Resurgence of Black Lung in Central Appalachia

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Graph comparing rates of Black Lung in the US, Central Appalachia, and the US excluding Central Appalachia

Coal workers’ pneumoconiosis or “black lung” develops when dust particles are inhaled while working in coal mines. These particles can cause both inflammation and scarring in the lungs.

In 1969, the Coal Workers’ Health Surveillance Program (CWHSP) was created with the intention of identifying and stopping the progression of black lung in coal miners. The same bill that created the CWHSP also required companies to limit coal miners’ exposure to dust.

Despite these programs and regulations, central Appalachian coal miners are experiencing a resurgence of black lung. A recent study from researchers at the National Institute for Occupational Safety and Health sought to update the prevalence estimates for black lung in the United States.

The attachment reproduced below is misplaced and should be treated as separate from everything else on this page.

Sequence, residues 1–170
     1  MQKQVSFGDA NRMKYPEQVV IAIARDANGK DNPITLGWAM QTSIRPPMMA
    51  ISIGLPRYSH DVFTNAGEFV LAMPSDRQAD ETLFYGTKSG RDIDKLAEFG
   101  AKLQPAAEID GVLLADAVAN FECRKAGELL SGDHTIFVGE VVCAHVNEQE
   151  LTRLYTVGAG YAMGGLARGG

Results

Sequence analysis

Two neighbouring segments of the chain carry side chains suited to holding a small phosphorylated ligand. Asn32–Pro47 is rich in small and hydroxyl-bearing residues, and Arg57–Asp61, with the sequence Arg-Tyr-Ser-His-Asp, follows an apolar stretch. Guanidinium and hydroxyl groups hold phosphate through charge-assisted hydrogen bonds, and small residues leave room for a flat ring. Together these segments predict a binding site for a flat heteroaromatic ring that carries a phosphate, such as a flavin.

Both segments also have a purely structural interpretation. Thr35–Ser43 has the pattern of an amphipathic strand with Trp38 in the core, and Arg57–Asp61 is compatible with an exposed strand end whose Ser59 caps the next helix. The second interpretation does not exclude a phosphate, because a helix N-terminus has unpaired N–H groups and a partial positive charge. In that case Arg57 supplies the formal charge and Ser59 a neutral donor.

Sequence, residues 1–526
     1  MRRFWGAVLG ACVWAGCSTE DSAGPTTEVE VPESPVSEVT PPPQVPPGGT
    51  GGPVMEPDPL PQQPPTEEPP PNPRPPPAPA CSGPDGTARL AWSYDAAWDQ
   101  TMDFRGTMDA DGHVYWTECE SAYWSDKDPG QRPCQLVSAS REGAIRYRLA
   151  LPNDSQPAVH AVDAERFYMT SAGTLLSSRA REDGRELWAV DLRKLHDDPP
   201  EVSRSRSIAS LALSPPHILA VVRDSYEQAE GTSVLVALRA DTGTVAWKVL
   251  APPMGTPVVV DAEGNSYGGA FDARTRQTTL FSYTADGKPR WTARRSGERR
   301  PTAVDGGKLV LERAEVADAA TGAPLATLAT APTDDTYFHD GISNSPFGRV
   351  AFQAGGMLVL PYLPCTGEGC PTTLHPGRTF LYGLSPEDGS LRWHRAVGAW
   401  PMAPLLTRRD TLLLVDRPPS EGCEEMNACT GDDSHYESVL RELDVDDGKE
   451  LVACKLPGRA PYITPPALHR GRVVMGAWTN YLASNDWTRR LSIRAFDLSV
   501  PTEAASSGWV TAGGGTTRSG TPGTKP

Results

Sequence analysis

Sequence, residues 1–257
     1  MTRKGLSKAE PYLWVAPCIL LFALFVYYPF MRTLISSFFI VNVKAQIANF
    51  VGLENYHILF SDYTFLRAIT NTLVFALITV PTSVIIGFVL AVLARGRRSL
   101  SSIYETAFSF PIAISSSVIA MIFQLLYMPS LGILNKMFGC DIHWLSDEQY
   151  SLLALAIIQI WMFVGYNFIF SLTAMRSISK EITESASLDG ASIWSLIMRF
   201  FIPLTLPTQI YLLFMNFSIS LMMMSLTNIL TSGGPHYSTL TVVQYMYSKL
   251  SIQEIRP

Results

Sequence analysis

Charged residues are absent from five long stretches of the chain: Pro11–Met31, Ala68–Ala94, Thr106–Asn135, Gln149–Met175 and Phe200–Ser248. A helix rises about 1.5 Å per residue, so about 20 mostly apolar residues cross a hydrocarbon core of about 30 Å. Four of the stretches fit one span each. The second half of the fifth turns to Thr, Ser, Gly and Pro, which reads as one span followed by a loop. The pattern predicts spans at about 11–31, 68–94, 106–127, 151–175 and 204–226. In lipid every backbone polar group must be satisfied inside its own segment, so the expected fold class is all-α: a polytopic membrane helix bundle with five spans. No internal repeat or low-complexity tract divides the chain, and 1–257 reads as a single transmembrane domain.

Graph A above shows the prevalence of black lung throughout the United States. Graph B shows the prevalence of black lung in central Appalachia, and graph C shows the prevalence of black lung in the United States excluding central Appalachia. In this study, central Appalachia included West Virginia, Kentucky, and Virginia.

Throughout the United States, over 10% of coal miners with 25 years or more of tenure have black lung; in central Appalachia, over 20% of miners with the same experience do. The overall prevalence of black lung in long-tenured coal miners is at its highest level in 25 years.

Feature image: “Continued Increase in Prevalence of Coal Workers’ Pneumoconiosis in the United States, 1970–2017,” David J. Blackley, Cara N. Halldin, A. Scott Laney, American Journal of Public Health 108, no. 9 (September 1, 2018): pp. 1220-1222. DOI: 10.2105/AJPH.2018.304517

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